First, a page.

provider “aws” {
    provider “aws” {

    …. ….

    resource “aws_resource_thingy” “thingy_teamacct” {

    resource “aws_other_thingy” “grand_main_poobah” {


    In particular, this has been handy accessing outputs from remote state in one s3 bucket in one account/region to provide inputs to modules used to create resources like security groups in another account and route53 zones in one or more somewhat arbitrary accounts (depending on who and when the zone was registered).

    1. that’s a good point! i just started doing more stuff with remote resources and it’s been incredibly useful. another example of info that everybody seems to “know” but is actually out of date. 🙂

  6. Hi Charity,

    I totally appreciate the article and in general agree with most bits. However I would like to also add another scenario where multi-account is a huge win. Any sort of regulated/compliance requiring industry. Those types of industries often need such strict oversight that it is a huge win when I can say “look, Prod for XYZ product LITERALLY only has 3 people in the world that can access it by any means”.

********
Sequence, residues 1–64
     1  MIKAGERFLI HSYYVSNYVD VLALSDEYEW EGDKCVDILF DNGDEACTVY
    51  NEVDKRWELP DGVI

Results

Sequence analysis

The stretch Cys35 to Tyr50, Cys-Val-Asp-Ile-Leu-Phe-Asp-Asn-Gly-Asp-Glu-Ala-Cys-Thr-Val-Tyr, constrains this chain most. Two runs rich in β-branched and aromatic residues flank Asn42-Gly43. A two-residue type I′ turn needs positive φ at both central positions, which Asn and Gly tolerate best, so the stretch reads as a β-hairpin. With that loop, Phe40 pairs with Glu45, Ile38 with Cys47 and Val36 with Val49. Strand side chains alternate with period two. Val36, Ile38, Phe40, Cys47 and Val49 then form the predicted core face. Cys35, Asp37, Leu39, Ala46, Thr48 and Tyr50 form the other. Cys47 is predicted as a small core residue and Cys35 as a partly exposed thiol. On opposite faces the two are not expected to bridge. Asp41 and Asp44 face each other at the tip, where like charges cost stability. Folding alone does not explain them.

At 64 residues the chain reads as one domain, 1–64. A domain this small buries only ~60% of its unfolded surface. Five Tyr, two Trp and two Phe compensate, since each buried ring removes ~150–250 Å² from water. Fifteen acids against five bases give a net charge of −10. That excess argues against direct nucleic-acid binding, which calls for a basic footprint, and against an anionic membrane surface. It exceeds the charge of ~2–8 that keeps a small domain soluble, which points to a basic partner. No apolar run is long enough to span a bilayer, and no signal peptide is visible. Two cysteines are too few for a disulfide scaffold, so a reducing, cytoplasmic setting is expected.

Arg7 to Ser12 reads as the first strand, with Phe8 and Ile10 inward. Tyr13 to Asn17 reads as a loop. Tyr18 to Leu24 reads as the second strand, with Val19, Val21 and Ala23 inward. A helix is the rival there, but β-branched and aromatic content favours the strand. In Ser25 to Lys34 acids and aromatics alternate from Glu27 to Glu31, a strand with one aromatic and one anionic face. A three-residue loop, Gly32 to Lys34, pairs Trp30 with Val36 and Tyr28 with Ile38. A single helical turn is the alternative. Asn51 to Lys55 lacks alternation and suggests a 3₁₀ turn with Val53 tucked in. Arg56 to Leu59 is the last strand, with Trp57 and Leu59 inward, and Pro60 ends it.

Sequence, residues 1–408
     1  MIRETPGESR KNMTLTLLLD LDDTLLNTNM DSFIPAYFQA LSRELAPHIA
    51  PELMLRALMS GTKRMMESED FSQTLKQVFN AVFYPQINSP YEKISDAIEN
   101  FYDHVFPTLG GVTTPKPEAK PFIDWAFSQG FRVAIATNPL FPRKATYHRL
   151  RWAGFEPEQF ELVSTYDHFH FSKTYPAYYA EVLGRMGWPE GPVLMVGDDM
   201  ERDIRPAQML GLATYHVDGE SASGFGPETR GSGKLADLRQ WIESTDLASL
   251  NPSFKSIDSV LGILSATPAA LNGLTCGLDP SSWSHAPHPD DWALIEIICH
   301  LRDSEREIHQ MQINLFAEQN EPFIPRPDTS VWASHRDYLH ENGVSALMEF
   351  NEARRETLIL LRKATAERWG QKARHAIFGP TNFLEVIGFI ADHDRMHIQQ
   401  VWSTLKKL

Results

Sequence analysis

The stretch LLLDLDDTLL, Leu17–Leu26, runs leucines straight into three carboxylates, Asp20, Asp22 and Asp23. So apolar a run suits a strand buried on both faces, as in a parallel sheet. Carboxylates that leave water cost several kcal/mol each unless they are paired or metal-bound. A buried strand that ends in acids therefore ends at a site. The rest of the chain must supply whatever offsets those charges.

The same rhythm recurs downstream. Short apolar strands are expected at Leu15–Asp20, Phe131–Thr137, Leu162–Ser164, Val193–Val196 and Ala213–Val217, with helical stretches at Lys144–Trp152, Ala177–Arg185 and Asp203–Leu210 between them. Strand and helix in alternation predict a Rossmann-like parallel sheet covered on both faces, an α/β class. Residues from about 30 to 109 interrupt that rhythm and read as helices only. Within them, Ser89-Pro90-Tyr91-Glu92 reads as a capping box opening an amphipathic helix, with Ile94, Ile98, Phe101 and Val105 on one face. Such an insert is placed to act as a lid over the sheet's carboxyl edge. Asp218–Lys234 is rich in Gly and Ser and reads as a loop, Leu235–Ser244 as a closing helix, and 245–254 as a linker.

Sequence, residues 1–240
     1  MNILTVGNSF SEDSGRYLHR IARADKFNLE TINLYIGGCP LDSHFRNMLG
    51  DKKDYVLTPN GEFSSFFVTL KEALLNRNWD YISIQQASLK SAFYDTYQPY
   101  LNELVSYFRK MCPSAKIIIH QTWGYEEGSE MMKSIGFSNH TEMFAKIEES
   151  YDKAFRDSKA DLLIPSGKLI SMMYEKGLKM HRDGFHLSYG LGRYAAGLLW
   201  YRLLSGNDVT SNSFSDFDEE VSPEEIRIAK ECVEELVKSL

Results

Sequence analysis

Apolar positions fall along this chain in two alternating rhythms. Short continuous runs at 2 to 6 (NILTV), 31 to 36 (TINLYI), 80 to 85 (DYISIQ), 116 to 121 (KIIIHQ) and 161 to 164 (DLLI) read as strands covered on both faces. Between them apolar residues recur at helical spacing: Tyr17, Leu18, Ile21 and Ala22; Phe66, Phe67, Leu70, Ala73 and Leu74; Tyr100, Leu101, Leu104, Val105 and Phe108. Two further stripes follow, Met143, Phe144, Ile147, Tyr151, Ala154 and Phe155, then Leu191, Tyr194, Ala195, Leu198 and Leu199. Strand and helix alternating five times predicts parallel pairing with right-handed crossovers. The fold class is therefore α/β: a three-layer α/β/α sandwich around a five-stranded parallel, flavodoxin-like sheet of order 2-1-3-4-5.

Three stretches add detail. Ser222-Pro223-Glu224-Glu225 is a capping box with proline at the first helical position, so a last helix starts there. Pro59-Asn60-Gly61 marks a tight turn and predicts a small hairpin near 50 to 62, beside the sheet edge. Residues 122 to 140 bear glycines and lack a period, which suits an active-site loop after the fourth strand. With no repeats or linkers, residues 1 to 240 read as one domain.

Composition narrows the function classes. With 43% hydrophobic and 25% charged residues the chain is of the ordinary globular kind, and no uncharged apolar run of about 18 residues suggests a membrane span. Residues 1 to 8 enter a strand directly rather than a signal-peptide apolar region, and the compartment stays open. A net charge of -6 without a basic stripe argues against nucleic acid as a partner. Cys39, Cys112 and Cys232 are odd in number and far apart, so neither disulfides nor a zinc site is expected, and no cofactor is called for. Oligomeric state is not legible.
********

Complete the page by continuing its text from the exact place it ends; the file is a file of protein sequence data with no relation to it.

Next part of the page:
Also, something should be said about the complexity of managing multiple environments/VPC’s with IAM. This is, unfortunately, far more of a chore than it should be. I long for them to release the concept of environments so we can more easily restrict users without getting into the hell of IAM policy crafting where you can end up with policies so long that you think you’re writing cloudformation…

    Otherwise, props! People often overlook some of this and we definitely need to get more word out there about the options.

    1. Totally, totally get where you’re coming from on the compliance bits. A few people have pointed out stuff I missed or glossed over about the multi-account option. I will try to find the time to aggregate their feedback and post an update at some point, so the multi-account model gets a fairer representation than I really gave it. 🙂

  7. Awesome summary of the options available at the moment. Currently implementing #2 due to compliance (HIPAA) as well as dealing with 2 different legal/paying entities. The cross account IAM is initially a pain, but now that it is sorted (with Ansible), I have a single yml file with each user and a list of which groups they may belong to. This simplifies the security management immensely.